The Challenge to Local Governance under Rapid Coastal Urbanization
Chapter 5: Human Security and Governance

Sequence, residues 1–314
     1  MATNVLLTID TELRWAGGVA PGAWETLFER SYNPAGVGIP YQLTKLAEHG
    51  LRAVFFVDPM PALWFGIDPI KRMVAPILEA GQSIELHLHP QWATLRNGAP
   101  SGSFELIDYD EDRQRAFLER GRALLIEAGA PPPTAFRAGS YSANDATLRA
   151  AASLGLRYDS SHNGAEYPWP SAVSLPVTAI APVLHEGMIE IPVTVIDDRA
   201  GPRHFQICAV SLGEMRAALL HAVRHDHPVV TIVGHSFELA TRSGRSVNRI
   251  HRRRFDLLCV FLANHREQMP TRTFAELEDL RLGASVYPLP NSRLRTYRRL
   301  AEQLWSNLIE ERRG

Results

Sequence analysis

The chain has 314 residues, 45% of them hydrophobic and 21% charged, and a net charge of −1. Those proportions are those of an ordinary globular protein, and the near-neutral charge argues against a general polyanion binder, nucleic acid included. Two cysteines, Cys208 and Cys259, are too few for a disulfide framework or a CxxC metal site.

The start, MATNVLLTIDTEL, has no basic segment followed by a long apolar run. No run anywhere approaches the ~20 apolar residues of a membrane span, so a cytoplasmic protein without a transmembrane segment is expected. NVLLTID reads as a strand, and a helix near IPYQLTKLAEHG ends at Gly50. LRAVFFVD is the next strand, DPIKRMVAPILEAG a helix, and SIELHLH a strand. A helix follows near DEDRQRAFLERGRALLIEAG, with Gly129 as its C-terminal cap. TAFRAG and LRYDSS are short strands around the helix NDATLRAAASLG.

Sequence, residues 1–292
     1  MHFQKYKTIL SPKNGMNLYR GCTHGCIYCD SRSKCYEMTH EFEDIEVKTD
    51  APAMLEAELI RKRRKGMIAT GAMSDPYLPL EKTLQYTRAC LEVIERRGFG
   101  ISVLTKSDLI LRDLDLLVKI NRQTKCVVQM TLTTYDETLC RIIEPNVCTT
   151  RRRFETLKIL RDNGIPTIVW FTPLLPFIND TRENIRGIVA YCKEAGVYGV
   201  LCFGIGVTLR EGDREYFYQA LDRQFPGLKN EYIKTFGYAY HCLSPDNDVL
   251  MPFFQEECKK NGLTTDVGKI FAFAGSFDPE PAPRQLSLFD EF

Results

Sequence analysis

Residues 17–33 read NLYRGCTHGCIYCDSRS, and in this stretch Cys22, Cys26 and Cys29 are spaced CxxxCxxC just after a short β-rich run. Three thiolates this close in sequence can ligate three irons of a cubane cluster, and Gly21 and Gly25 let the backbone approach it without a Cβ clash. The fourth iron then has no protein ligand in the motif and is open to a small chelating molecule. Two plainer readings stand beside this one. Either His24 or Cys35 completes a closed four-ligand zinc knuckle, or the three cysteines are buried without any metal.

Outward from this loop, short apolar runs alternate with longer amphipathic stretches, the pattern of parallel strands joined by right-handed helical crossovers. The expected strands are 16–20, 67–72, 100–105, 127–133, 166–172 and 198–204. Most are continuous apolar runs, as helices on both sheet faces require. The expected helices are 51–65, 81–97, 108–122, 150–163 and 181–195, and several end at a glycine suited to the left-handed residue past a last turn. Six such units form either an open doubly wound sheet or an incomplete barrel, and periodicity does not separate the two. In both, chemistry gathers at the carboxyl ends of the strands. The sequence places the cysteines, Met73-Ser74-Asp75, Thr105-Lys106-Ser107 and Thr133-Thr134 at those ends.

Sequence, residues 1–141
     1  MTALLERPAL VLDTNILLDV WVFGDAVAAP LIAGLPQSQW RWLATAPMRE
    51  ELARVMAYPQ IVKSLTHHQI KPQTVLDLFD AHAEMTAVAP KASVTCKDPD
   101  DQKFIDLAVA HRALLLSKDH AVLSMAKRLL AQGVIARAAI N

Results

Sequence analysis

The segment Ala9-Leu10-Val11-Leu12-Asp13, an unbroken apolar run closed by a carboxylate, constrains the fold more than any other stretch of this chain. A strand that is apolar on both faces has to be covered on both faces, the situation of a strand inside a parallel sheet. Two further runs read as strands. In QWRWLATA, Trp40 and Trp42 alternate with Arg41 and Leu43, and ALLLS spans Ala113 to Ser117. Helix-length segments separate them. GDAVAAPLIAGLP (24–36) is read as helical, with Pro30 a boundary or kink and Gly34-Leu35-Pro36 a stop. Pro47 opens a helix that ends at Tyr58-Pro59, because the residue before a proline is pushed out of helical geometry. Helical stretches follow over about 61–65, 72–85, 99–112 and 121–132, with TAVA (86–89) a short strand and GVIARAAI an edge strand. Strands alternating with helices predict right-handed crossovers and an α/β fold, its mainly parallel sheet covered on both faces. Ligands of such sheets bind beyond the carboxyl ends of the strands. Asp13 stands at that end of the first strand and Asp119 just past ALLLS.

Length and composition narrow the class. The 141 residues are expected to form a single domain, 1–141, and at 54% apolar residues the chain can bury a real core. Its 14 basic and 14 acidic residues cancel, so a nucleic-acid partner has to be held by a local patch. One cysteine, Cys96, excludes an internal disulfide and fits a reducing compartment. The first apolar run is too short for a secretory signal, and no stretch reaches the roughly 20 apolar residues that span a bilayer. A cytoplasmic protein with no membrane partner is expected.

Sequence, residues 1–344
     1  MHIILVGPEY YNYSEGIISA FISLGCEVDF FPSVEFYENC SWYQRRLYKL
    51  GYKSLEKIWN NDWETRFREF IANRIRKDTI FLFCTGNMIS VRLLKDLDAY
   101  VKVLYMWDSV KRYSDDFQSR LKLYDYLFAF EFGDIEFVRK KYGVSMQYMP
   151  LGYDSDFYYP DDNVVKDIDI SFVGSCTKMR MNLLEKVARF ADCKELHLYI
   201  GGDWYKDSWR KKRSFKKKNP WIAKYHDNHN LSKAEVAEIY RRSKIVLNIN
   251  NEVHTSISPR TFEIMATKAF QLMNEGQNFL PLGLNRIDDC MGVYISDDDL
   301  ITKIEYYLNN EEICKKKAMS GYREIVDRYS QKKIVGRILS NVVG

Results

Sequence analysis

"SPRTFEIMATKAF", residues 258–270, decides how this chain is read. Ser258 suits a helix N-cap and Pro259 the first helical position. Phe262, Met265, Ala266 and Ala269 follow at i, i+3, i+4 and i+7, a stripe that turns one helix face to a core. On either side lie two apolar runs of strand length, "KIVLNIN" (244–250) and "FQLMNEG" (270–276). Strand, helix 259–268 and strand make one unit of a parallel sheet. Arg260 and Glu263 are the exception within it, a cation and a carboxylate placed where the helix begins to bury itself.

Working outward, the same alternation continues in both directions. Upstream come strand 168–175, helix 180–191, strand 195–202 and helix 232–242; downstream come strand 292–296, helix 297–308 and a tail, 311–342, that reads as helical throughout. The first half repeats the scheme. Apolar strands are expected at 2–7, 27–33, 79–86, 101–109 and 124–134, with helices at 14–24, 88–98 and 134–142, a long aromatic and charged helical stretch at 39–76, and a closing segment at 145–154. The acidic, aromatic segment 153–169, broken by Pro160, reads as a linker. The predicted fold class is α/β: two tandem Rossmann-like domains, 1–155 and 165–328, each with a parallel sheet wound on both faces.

INTRODUCTION The rising popularity of concepts such as governance and human security is concurrent with the retreat of the state from some basic spheres of public life. The concept of governance builds upon the classical model of ‘checks and balances’ between the three powers of the state (judicial, legislative and executive), and extends it to include markets and civil society. Thus, in effect, governance suggests the empowering of private and special interests over the state. As discussed in Chapter 6, this redistribution of powers does not necessarily mean the deepening of democracy in the sense of a more equitable distribution of power. In fact, it may lead to the creation of strong coalitions between government and private sectors that are capable of exerting hegemonic forms of rule and governmentality, far more effective and encompassing than those traditionally achieved by the state alone. This is particularly so in contexts such as the Mexican Caribbean, in which civil society is relatively underdeveloped and thus unable to counterbalance the monopoly of power attained by the government–business coalition, or ‘historic bloc’ in Gramsci’s (1971) sense. Similar to governance, human security de-emphasizes the monopoly of the state as the fundamental guarantor of security and shifts attention from the security of, and by, the state to the provision of security by markets and civil society. Human security was originally focused on governments and markets, as illustrated by the catchphrase ‘freedom from fear and want’ (UNDP, 1994). The concept was initially embraced by a loose coalition...
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